Elsevier, TrAC - Trends in Analytical Chemistry, Volume 111, February 2019
Following a decade of research on the environmental impacts of microplastics, a knowledge gap remains on the processes by which micro and nanoplastics pass across biological barriers, enter cells and are subject to biological mechanisms. Here we summarize available literature on the accumulation of microplastics and their associated contaminants in a variety of organisms including humans. Most data on the accumulation of microplastics in both field and lab studies are for marine invertebrates.
Tenebrio molitor in the form of mealworm (left) and beetle (right). Photos by author.
Scientists in the Netherlands are cultivating edible insects to address concerns of international food security. Committed to the One World, One Health (OWOH) movement, their research aims to create a safe and effective global solution to the conjoined problems of climate change and an increasing worldwide demand for protein. Their preliminary work is promising, as it suggests that when compared to other sources of meat, insects can be an efficient, safe, and low-impact source of nutrients. Additionally, in many sites with endemic malnutrition, people find insects tasty.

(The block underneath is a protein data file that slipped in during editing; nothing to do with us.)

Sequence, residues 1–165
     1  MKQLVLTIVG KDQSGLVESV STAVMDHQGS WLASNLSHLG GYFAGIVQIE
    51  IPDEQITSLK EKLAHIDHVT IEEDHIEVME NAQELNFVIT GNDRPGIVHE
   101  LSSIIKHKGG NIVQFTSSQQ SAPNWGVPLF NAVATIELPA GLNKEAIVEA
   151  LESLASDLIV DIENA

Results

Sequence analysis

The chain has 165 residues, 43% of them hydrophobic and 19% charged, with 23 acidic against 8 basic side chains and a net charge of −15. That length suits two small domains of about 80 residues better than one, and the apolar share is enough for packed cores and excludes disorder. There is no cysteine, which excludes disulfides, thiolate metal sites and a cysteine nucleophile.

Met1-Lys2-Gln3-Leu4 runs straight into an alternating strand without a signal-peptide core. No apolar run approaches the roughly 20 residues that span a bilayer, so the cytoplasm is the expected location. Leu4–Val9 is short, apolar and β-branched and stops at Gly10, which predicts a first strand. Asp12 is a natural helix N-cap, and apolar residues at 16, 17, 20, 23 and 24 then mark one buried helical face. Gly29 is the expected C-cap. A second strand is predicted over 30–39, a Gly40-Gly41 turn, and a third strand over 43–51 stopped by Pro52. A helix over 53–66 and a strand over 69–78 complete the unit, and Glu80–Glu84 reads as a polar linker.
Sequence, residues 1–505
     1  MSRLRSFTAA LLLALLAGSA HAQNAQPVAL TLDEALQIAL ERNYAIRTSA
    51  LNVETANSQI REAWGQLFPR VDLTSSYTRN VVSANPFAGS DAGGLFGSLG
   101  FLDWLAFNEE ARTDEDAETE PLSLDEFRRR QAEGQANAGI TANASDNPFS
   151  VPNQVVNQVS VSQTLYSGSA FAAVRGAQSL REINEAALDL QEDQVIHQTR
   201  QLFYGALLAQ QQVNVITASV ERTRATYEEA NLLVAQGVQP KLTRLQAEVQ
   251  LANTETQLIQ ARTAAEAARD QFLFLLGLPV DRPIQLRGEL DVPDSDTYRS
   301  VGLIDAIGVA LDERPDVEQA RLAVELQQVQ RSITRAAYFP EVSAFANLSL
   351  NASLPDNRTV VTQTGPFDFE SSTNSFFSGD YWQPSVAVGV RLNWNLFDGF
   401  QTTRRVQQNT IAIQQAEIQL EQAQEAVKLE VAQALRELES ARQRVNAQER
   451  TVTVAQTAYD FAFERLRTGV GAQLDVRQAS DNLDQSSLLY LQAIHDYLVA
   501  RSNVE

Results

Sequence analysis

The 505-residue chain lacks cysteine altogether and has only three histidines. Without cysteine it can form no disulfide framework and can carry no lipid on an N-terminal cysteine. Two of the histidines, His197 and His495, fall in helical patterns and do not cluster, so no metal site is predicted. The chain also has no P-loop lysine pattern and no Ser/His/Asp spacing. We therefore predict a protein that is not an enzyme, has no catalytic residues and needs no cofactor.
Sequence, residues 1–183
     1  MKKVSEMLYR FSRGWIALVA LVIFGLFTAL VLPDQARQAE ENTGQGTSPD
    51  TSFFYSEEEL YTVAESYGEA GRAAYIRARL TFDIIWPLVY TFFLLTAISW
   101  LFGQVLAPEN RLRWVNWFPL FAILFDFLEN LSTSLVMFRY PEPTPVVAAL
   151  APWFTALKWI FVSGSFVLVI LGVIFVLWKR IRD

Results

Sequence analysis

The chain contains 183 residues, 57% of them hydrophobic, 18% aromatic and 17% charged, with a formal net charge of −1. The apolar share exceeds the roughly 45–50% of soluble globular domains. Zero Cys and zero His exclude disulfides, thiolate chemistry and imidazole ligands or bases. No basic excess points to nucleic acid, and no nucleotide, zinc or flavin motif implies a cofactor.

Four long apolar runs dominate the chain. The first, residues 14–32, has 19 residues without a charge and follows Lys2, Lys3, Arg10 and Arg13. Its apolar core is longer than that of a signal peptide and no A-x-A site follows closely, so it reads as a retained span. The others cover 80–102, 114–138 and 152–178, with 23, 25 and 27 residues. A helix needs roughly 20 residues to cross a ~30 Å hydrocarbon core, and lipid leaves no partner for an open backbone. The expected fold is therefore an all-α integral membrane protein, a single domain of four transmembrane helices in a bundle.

Wood residues from forest harvesting or disturbance wood from wildfire and insect outbreaks may be viewed as biomass "feedstocks" for bioenergy production, to help reduce our dependence on fossil fuels. Biomass removals of woody debris may have potential impacts on forest biodiversity and ecosystem function. Forest-floor small mammals, such as the southern red-backed vole (Myodes gapperi) that typically disappear after clearcut harvesting, may serve as ecological indicators of significant change in forest structure and function.